Cliff dwellers

   Scattered over the southwestern part of the United States there are many ruined Indian villages. Some are on the ledges of steep cliffs. Others are in deep caves in the cliffs. Still others are at the foot of cliffs. We call the Indians who built these villages the cliff dwellers.
   The villages were built more than 200 years before Columbus discovered America. They had all been given up long before any white men saw them.
   The cliff dwellers were farmers. They raised corn and beans on the level land near by. They raised pumpkins and sunflowers, too. They did not have any horses or chickens or pigs or cows. But they did have tame turkeys and dogs.
   To add to the food they raised they gathered nuts and berries and killed deer, rabbits, and wild birds. Probably the hunters sometimes brought home bears and porcupines for food.
   The women made beautiful baskets and bowls, and they wove cotton cloth. They made jewelry of shells and of turquoise.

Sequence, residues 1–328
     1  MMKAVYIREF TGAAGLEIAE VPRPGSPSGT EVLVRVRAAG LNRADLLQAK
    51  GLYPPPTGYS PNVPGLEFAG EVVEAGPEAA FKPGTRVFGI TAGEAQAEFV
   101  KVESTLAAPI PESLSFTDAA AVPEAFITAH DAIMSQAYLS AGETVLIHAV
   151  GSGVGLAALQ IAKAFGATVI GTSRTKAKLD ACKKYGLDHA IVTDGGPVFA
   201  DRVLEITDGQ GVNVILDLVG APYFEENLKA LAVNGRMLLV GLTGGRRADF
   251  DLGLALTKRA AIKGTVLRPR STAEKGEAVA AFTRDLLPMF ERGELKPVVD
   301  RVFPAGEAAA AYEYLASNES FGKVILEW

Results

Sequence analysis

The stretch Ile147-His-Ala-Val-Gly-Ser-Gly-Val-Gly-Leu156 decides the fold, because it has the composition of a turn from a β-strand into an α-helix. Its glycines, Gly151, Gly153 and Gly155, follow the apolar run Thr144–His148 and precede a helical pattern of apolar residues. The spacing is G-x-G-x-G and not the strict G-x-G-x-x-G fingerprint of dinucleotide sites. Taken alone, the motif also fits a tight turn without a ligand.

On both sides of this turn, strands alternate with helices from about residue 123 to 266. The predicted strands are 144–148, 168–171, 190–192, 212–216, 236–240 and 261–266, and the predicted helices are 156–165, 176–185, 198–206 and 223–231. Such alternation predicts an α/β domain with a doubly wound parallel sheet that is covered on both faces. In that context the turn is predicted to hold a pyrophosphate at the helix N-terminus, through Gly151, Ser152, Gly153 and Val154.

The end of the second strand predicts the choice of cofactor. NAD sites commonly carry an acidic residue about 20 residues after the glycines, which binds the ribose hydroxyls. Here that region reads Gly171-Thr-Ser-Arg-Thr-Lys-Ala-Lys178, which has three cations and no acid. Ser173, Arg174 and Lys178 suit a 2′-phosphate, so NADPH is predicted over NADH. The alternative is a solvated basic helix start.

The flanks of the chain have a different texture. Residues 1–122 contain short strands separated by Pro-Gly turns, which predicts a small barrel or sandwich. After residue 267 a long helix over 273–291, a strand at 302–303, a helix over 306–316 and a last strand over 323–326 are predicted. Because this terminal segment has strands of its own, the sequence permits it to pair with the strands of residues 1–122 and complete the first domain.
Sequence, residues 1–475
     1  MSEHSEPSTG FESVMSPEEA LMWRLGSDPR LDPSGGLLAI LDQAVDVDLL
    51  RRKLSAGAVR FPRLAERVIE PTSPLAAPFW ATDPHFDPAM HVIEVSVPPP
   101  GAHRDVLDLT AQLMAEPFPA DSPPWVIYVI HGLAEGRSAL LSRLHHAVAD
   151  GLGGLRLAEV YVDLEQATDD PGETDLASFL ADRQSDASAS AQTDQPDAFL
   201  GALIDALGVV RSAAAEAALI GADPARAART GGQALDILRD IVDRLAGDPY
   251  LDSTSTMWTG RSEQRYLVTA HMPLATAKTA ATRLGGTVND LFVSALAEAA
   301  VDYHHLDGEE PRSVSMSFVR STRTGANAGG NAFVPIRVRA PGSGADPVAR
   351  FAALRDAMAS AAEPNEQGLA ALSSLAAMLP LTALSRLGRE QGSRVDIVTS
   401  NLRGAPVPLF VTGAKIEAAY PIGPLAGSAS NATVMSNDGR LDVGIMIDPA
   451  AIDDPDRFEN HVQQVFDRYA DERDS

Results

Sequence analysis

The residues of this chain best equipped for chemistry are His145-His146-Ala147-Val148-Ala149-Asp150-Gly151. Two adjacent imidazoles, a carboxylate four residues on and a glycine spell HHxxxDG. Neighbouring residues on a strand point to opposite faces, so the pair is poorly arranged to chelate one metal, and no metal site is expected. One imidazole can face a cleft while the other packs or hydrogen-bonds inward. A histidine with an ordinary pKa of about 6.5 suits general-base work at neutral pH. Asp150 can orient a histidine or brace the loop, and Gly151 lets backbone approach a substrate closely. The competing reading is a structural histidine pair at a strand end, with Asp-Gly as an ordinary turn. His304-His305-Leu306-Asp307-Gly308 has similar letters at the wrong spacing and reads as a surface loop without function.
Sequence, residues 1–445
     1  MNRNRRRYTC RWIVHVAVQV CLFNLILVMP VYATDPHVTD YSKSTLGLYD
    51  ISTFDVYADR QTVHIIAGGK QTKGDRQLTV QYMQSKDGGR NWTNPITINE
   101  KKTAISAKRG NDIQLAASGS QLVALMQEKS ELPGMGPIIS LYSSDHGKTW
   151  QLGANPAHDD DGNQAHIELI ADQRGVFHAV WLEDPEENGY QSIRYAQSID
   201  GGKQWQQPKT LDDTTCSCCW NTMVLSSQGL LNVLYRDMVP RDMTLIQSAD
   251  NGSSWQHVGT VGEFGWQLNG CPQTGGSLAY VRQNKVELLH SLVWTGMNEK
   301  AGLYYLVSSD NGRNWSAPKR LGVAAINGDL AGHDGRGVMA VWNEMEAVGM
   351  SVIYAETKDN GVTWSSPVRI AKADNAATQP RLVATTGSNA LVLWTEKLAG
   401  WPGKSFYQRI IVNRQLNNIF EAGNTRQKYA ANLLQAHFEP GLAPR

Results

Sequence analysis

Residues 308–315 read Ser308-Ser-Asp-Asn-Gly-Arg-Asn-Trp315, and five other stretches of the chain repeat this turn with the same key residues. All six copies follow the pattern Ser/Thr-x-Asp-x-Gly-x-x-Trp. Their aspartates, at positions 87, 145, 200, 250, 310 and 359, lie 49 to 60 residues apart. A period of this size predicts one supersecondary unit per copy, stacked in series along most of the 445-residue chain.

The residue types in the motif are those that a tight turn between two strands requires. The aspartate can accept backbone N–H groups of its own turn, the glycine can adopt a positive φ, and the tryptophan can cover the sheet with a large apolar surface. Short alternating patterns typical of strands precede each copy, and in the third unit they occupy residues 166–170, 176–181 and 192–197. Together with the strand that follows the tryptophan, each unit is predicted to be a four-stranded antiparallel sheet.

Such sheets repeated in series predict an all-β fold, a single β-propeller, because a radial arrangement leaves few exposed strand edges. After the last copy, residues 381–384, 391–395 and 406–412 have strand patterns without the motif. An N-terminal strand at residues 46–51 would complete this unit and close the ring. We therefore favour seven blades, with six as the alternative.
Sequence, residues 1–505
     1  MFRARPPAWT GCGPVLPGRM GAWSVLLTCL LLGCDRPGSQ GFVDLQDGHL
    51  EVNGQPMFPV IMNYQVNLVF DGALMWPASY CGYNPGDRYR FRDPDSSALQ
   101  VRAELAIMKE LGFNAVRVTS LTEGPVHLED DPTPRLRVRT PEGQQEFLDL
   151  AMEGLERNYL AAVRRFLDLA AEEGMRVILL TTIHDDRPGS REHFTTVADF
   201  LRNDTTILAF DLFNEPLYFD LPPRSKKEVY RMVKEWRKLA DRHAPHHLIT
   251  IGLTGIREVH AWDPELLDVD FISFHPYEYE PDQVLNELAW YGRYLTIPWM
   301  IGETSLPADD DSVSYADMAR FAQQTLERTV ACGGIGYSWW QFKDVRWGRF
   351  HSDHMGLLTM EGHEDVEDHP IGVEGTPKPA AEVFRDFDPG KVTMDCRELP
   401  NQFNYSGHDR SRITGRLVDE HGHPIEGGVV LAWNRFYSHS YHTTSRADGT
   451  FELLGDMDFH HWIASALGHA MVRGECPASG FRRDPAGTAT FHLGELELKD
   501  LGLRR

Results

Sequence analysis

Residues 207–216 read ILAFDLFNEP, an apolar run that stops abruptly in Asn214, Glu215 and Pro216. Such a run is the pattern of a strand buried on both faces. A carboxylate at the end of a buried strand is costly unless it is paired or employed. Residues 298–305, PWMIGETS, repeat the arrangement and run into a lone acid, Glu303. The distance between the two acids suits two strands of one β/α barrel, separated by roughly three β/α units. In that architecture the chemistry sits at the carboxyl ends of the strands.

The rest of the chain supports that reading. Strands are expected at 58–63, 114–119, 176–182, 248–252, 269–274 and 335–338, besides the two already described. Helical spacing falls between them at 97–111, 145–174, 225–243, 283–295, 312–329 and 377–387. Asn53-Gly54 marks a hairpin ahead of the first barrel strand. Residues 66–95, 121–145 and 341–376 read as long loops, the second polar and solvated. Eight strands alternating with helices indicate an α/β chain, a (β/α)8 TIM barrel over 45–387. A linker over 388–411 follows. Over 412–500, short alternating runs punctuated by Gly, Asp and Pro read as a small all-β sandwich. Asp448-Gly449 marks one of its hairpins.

Some of the earliest houses were built of sun-dried brick. But the later ones were built of stone fastened together with clay mortar. Many of the walls were covered with plaster. Some of the inside walls had pictures painted on them.
   The biggest buildings held many families. Each family, however, had only one room. Some buildings were storage rooms; others were meeting places.
   Many houses were built right against the cliff. They had only three walls. The cliff made the back wall. Some rooms were even dug out of the solid rock.
   The ruins of the cliff dwellings are all hard to reach. But it is easy to see why the builders chose cliffs as building places. The rock walls protected their villages from wind and rain. More important, they gave protection from enemies.
   No one knows the whole story of why the cliff dwellers left their villages. Probably many years of dry weather drove some of them away. We know that, about 650 years ago, there was a period of nearly 30 very dry years. But there may have been other reasons why they left.
Some of the Pueblo Indians of today have customs much like those of the cliff dwellers. Perhaps the Pueblos are their great-great-great-many-times-great-grand-children.